DEFINITION of The Celler-Kefauver Act
The Celler-Kefauver Act was an anti-merger act passed by the U.S. Congress in 1950, to prevent mergers and acquisitions that could reduce competition.
BREAKING DOWN The Celler-Kefauver Act
The Celler-Kefauver Act was designed to prevent certain mergers and acquisitions from creating monopolies or otherwise significantly reducing competition in the United States. It went further than the previously enacted antitrust laws, the Sherman Antitrust Act of 1890 and the Clayton Antitrust Act of 1914 (which only tried to prevent horizontal mergers) and targeted vertical mergers and conglomerate mergers.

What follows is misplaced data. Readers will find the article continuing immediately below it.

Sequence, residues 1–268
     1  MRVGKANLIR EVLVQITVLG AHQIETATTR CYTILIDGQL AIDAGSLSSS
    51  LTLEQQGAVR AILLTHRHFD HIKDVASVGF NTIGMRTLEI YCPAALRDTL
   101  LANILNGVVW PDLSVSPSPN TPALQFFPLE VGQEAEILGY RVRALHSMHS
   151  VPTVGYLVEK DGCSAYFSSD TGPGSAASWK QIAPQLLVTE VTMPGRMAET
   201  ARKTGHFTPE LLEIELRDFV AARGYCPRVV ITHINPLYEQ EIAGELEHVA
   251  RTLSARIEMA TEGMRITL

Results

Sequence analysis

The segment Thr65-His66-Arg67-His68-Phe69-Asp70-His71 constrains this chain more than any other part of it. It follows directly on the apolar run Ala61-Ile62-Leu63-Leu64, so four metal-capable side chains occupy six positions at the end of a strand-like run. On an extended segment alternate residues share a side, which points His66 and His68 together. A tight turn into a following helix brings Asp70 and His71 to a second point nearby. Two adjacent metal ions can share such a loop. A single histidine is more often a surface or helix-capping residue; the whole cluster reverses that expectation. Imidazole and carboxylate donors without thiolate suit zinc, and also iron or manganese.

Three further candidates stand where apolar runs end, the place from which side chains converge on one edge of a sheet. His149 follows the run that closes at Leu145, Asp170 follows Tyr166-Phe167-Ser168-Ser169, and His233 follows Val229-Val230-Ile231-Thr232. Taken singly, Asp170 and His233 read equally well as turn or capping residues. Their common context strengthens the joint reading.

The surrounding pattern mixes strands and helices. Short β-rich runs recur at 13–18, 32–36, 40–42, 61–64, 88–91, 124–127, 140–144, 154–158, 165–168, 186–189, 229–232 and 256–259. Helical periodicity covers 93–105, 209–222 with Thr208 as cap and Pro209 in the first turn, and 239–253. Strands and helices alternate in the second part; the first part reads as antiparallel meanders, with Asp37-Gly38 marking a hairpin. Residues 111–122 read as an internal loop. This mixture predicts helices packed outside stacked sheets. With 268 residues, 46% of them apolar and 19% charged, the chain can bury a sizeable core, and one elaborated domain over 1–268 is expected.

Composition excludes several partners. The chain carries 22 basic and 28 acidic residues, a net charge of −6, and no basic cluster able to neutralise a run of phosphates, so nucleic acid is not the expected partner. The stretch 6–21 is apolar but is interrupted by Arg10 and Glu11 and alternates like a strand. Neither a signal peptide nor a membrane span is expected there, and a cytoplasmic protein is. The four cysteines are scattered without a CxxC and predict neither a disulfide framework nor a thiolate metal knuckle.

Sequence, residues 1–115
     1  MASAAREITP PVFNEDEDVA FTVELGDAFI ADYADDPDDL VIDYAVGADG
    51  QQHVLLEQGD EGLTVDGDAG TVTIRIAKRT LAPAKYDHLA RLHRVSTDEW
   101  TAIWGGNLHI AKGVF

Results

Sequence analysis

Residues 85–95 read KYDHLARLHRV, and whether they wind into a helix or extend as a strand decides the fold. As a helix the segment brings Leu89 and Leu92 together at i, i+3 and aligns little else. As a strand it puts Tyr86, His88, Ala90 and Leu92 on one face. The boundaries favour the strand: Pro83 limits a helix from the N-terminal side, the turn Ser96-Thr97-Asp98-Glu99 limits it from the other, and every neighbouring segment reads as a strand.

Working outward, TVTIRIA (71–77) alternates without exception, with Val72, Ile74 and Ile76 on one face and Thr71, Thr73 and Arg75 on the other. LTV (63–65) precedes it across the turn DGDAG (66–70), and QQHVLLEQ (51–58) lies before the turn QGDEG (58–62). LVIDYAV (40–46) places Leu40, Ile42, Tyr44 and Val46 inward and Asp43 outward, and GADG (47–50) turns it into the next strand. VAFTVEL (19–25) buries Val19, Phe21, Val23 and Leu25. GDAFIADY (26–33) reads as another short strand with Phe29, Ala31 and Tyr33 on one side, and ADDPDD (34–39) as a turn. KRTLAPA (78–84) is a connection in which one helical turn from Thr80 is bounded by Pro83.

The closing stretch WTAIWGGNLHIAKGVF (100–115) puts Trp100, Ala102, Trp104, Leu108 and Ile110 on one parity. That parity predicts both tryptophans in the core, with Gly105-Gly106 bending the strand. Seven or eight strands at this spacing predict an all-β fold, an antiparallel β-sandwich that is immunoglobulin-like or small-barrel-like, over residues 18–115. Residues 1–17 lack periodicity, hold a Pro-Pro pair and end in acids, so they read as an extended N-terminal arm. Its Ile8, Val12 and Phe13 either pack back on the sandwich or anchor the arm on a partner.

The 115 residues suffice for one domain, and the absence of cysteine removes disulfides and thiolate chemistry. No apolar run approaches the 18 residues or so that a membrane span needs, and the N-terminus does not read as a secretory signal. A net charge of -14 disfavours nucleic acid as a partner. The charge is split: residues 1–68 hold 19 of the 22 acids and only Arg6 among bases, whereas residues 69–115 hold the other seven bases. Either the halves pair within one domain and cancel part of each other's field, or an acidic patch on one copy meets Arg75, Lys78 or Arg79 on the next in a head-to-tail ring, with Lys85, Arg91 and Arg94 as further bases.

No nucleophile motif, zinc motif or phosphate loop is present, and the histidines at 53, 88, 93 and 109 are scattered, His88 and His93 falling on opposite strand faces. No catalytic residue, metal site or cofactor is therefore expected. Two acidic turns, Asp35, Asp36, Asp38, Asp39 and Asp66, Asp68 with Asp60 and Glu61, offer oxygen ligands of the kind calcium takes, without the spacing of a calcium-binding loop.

In vertical mergers, companies on different tiers of a supply chain merge, which can be an antitrust problem if a company is buying its competitors’ suppliers. In conglomerate mergers, two companies that are involved in different sectors or geographic areas, merge together, to expand their markets by extending the corporate territory and product range. Both types of mergers raise the barriers to entry by making competitors internalize more production to match the cost savings that come from economies of scale.
Vertical and conglomerate mergers were not banned by the Celler-Kefauver Act, unless they significantly reduced competition. While previous antitrust laws had been circumvented – because they only applied to outstanding equity, rather than the assets of the target corporation – the Celler-Kefauver Act eliminated this work-around.